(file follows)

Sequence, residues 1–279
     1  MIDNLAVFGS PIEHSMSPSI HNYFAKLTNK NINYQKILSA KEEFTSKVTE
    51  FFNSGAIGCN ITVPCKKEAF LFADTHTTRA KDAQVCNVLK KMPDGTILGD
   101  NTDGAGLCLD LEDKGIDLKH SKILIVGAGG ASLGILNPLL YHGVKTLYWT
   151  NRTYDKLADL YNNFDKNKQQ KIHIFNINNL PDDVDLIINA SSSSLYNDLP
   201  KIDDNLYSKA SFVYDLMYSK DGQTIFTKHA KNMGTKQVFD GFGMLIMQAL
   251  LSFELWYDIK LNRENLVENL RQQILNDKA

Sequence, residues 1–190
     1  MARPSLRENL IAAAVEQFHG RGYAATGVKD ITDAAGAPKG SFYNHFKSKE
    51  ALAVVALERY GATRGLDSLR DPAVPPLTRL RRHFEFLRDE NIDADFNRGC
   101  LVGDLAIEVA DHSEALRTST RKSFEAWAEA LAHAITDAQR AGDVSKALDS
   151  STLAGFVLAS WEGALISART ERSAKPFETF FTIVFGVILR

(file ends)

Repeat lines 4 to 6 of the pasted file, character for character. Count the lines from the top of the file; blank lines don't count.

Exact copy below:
   101  NTDGAGLCLD LEDKGIDLKH SKILIVGAGG ASLGILNPLL YHGVKTLYWT
   151  NRTYDKLADL YNNFDKNKQQ KIHIFNINNL PDDVDLIINA SSSSLYNDLP
   201  KIDDNLYSKA SFVYDLMYSK DGQTIFTKHA KNMGTKQVFD GFGMLIMQAL